Exercise and fitness have become big business in today’s culture. Because exercise addresses many important aspects of life, we shouldn’t just give it lip service, but take it seriously and become engaged.
I had an opportunity to serve as one of the first members on the Governor’s Committee on Physical Fitness when it was formed in 1966. I learned enough that I wanted to do my best to stay physically fit. I’ve always enjoyed competing in basketball, tennis, racquetball, etc. Physical exercise has been a tremendous asset for me not just physically but also mentally, emotionally and spiritually. (Tweet this)
Today there are a lot of up-to-date studies that verify things that I’ve always believed. Not only does exercise make us feel better, but it can help deter a lot of things that are challenges as we grow older.
New research suggests that strenuous physical activity can slow brain aging by as much as ten years. The Los Angeles Times reported a study of 876 older adults which tracked their physical activity and tested their memory and thinking skills. The study showed that participants’ brain functions were closely tied to how physically active they were. Strenuous exercise such as running and aerobics had the highest scores and lowest risk for memory loss and decline in executive function. Other people engaging in less intense exercise activities such as walking and yoga produced moderate benefits. For people who were sedentary, their brains looked a decade older than the brains of their very active peers.
A good time to start treating your brain well is now. Researchers say that rigorous exercise improves vascular health, increases blood flow to the brain, and keeps the brain healthier into old age.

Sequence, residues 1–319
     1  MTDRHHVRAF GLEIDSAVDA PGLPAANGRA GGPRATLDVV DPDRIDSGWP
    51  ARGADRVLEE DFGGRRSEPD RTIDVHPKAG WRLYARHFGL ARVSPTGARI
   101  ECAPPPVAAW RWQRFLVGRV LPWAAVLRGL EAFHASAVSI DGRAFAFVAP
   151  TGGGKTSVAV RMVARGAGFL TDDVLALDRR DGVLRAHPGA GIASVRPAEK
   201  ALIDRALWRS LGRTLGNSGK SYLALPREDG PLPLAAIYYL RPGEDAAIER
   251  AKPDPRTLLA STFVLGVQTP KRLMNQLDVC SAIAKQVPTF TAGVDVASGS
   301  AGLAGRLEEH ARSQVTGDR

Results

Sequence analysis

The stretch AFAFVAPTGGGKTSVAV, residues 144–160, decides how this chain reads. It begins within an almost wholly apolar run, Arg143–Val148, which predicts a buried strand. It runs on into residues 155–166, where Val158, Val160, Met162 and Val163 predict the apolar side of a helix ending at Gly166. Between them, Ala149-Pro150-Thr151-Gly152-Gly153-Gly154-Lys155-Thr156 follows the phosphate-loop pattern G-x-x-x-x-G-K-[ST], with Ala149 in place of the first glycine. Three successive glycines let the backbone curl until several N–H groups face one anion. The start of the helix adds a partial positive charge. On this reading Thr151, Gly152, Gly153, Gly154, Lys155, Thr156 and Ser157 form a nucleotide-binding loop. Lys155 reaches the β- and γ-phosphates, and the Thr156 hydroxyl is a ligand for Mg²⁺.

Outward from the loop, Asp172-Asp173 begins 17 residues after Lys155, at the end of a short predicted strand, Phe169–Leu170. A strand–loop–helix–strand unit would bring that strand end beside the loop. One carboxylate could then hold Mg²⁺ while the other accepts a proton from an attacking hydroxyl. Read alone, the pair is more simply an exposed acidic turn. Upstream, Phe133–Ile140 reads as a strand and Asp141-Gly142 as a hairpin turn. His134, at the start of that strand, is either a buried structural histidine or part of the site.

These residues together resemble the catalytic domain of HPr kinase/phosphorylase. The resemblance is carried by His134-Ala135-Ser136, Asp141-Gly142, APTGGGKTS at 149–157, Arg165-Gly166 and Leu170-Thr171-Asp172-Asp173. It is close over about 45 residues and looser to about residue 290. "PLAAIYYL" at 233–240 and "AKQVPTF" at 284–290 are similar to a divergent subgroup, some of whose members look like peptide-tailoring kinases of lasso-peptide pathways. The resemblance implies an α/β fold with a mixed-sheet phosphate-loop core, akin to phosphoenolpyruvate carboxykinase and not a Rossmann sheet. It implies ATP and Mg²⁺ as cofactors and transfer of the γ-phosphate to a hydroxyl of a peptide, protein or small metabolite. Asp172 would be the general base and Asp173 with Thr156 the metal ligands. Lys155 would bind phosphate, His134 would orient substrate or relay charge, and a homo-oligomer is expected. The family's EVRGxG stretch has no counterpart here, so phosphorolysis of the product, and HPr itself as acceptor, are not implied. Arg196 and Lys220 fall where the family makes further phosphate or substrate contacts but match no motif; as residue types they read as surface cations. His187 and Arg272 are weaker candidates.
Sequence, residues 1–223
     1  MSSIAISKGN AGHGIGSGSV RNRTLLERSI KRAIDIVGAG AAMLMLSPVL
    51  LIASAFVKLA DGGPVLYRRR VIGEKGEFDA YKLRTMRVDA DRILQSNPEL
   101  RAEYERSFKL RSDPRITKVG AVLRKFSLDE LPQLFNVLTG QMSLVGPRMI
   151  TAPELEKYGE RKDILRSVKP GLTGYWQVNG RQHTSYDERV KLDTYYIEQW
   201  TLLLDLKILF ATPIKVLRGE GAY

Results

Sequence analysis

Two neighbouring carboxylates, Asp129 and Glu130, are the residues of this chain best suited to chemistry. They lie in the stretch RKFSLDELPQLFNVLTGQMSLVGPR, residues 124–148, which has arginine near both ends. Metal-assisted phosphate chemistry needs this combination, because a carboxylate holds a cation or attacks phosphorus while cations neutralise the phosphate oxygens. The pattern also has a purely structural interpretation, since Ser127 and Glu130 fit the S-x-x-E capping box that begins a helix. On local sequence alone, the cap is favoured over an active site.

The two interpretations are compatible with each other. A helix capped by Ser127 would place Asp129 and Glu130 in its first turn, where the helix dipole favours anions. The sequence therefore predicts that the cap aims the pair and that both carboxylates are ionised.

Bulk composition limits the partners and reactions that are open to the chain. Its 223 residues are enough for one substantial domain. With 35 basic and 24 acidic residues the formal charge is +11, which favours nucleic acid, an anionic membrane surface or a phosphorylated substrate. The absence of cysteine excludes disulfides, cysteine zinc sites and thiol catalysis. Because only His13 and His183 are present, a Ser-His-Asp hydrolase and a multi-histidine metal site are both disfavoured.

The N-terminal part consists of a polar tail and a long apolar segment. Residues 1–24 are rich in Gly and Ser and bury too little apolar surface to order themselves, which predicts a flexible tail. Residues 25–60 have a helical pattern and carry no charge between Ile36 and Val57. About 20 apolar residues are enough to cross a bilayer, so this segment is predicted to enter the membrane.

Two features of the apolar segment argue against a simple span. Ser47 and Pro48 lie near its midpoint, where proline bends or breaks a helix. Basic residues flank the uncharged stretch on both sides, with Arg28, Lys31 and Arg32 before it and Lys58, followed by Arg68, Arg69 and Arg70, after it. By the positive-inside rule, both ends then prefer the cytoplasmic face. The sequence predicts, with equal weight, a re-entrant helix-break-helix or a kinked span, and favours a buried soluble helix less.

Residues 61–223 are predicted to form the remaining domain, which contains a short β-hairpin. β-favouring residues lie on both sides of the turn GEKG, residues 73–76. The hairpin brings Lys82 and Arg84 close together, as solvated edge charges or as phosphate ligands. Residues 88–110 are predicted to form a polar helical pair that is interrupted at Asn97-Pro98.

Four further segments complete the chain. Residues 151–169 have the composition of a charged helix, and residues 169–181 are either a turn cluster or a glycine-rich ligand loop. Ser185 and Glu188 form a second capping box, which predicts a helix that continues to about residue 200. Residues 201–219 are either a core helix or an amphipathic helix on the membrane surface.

One of the challenges in today’s culture is Alzheimer’s disease, which has struck 46 million people worldwide. CBSNews.com reports that the National Institutes of Health study found that people who are overweight at age 50 can be more likely to develop Alzheimer’s disease sooner than their healthy weight peers. This research tracked the BMI (body mass index) ratio of weight to height of 142 people who eventually developed Alzheimer’s. They found symptoms of the disease six and a half months earlier for every step up on the BMI chart. The lead author of this study, Madhav Thambiesetty, concluded, “Understanding how risk factors in midlife may accelerate the onset of Alzheimer’s can speed efforts to develop interventions and treatments.”
The journal Cell Metabolism has indicated that physical activity can change your DNA – for the better. Alice Park writing for Time magazine reminds us that “we are stuck with the genes we’ve got, but it turns out you can change the way they behave with consistent exercise.”
A lot of people try to get around the responsibility of exercise. Remember – the Bible says that our body is a temple (I Cor. 6:19). An overweight friend said that he had added a fellowship hall to his temple and was rapidly becoming a megachurch! One patient told his doctor, “I exercise religiously – one push-up and I say ‘Amen!’” Another man reported that his doctor said he and his wife needed more exercise, so he went out and bought himself a set of golf clubs. His neighbor said, “That’s good, and what have you bought for your wife?” He replied, “A lawn mower.” Joey Adams said, “If it weren’t for the fact that the TV set and the refrigerator are so far apart, some of us wouldn’t get any exercise at all.”
Some have tried to find some “logical excuses” for avoiding exercising by saying – “A whale swims all day, only eats fish, drinks water, but is still fat.” “A rabbit runs and hops and only lives 15 years, while a tortoise doesn’t run and does mostly nothing, yet it lives for 150 years.” “Did you say ‘extra fries . . . or exercise?’”
Instead of putting off or finding excuses, begin exercising today! Treat your brain, body and soul to a more healthy future. Don’t forget to exercise daily your spiritual life. “Physical exercise has some value, but godliness is valuable in every way. It holds promise for the present life and for the life to come” (I Tim. 4:8).